Once the lodestar figure is calculated, by multiplying the number of hours reasonably expended on the litigation by a reasonable hourly rate, the Seventh Circuit permits district courts to adjust the amount up or down after considering various relevant factors, including:

the time and labor required; the novelty and difficulty of the questions; the skill requisite to perform the legal services properly; the preclusion of employment by the attorney due to acceptance of the case; the customary fees; whether the fees are fixed or contingent; time limitations imposed by the client or the circumstances; the amount involved and the results obtained; the experience, reputation, and ability of the attorneys; the “undesirability” of the case; the nature and length of the professional relationship with the client; and awards in similar cases.

Mathur v. Bd. of Trs. of S. Ill. Univ., 317 F.3d 738, 742 n.1 (7th Cir. 2003). Determining the amount of a fees and expense award is a matter that rests within the sound discretion of the trial court. See In re Dairy Farmers of Am., Inc., Cheese Antitrust Litig., 80 F.Supp.3d 838, 844 (N.D. Ill. 2015).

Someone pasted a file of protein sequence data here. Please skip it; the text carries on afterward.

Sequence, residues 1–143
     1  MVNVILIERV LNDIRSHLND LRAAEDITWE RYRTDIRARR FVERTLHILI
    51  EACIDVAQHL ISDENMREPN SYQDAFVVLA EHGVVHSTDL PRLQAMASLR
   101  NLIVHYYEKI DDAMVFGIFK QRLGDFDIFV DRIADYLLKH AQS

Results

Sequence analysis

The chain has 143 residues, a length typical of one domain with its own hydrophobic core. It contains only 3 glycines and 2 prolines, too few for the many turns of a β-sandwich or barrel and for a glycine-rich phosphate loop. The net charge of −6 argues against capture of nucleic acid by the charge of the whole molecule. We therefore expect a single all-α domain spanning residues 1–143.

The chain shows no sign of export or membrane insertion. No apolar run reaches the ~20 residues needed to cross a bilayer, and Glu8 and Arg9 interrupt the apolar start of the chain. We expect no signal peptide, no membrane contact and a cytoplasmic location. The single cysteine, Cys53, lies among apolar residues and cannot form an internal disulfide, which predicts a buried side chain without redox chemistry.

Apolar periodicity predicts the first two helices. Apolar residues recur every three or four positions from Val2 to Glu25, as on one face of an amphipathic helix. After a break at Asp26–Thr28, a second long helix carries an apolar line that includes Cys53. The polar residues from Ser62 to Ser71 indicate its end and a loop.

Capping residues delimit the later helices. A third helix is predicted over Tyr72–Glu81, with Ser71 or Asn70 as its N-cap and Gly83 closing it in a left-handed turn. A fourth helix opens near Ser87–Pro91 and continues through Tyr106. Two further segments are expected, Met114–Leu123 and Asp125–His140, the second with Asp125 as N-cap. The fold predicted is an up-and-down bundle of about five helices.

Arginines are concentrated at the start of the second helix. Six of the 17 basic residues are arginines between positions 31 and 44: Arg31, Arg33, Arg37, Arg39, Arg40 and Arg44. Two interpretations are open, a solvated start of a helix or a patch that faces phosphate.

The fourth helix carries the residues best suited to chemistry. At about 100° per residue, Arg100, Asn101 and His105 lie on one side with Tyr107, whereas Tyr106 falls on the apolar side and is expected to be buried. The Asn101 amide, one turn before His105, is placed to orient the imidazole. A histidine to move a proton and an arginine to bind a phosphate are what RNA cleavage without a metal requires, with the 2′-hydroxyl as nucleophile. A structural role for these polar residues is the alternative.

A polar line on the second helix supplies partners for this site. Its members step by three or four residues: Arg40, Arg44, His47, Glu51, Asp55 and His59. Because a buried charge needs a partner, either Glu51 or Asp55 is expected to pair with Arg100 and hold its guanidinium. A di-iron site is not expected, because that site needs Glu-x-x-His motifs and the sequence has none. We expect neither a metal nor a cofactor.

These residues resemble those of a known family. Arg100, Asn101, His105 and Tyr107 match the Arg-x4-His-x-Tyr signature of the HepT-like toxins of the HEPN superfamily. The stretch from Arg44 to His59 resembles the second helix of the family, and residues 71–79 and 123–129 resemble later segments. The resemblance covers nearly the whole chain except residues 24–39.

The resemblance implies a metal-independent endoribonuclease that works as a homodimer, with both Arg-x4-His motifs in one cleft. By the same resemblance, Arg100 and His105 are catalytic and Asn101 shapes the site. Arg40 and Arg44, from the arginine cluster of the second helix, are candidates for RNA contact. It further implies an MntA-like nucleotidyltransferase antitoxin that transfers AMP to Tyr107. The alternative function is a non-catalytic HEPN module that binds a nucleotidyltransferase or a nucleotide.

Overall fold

In evaluating the reasonable time expended for the lodestar calculation, courts will consider similar factors used to reduce the total lodestar amount. For example, when assessing the reasonableness of time expended, courts look at “the time and labor required, the novelty and difficulty of the issues, the legal skill required, the reputation of the attorneys, the time burdens imposed by the client or the circumstances, and awards in similar cases”. Owens v. Howe, 365 F.Supp.2d 942, 947 (N.D. Ind. 2005).

         In evaluating the reasonable rate for the lodestar calculation, courts consider what the petitioner's attorneys charge for similar work in the relevant market. Bratton v. Thomas Law Firm, P.C., 943 F.Supp.2d 897, 902 (N.D. Ind. 2013). In particular, courts consider what lawyers with similar abilities and experience charge their clients for similar work in the same market. Owens, 365 F.Supp. 2d. at 947. Nonetheless, courts generally presume the attorney's billing rate for comparable work to be a reasonable rate. Id.